Just like in humans, when animals eat, plaque sticks to their teeth and can build up into tartar if not brushed away regularly.
This can lead to infections in the mouth, periodontal disease, tooth decay, and even loose or missing teeth. That's why regular dental care is essential to preventing pain or disease in the gums.
- How can I tell if my pet has oral hygiene issues?
Did you know behavior may be an indication of oral health problems? If your pet is experiencing dental problems, they drool excessively (and the drool may contain pus or blood), or you may notice them pawing at their mouth or teeth. They may also yawn excessively, grind their teeth, or stop grooming sufficiently.
Other signs of oral health problems include bad breath, swollen gums, and tooth discoloration. Some pets may even suffer from pain that keeps them from eating. Read more about symptoms to the left under Pet Teeth Cleaning & Exams.
- What long-term problems can poor oral health potentially cause in my pet?
Besides causing problems ranging from cavities and bad breath to severe periodontal disease, oral health issues and conditions can lead to disease in the liver, kidney, heart, and other areas throughout your pet's body.
Cysts or tumors may develop. Your pet may also not feel well in general (if you've ever had a toothache you will understand). In addition, diseases related to oral health conditions can shorten the lifespan of your pet and cause significant pain.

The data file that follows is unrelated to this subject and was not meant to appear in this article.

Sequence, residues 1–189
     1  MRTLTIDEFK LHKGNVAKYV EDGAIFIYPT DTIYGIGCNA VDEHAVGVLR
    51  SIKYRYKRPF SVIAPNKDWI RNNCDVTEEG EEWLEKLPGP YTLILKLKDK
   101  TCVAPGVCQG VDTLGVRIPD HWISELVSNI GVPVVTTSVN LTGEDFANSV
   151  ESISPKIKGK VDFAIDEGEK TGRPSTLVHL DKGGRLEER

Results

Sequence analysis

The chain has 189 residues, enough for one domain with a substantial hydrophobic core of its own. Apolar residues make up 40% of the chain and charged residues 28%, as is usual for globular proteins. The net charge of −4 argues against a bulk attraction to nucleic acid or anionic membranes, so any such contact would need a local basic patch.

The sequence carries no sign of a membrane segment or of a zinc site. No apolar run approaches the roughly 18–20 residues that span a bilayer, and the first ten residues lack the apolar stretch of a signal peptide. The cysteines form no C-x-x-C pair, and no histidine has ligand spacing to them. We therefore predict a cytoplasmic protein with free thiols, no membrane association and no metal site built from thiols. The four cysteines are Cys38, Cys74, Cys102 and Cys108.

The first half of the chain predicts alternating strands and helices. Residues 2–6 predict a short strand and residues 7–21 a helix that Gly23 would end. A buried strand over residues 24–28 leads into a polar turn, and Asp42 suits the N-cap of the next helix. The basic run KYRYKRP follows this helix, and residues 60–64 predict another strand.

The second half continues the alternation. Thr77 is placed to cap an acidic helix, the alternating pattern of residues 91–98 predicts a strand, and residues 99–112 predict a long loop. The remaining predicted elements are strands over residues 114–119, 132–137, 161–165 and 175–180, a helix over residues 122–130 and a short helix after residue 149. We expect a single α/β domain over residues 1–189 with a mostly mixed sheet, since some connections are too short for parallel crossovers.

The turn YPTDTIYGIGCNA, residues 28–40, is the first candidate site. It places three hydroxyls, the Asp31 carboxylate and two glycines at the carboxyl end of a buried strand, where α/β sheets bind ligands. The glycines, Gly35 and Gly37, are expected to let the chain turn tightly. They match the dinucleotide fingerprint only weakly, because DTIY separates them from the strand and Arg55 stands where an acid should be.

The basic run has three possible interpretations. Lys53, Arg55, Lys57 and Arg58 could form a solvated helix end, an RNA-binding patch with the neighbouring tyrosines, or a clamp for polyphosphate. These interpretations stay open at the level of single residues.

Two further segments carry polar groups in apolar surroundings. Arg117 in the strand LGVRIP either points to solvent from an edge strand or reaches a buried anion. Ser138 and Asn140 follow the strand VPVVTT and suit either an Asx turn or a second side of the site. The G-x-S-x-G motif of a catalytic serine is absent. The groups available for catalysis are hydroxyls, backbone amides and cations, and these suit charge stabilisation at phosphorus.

This is why regular dental care is so essential to animals' physical health and wellbeing.
- What happens during a pet teeth cleaning appointment?
During your pet’s regular oral exam, the vet will examine his or her mouth and look for oral health conditions or any symptoms needing treatment.
The vet will clean tartar and other debris from your cat's or dog's teeth. If cavities, gingivitis, or other conditions need to be addressed, the vet will explain these to you and provide advice on which actions you should take.
In some cases, surgery will be needed to treat serious conditions. Your pet will be provided with anesthesia before their dental procedure to ensure they are comfortable and do not experience any pain. However, special care will be needed post-surgery.
If you notice any of these symptoms, schedule a dental appointment with us.
- What should I do at home to keep my pet’s teeth clean between dental appointments?
At home, you should brush your pet's teeth on a regular basis and give them dental chew toys. These will help eliminate plaque.
Do not allow them to chew on things that will damage their teeth, such as bones, toys, or objects that are too hard. Always contact your vet with any questions or concerns regarding your pet's oral health.
Veterinary Dentistry: Anesthesia & Your Pet's Oral Health
Your pet will be placed under general anesthesia for all dental procedures to ensure the comfort and safety of your pet.
Our veterinarians perform a complete oral exam while your pet is under anesthesia and review dental X-rays while the technician monitors anesthesia and performs cleaning and scaling of the teeth.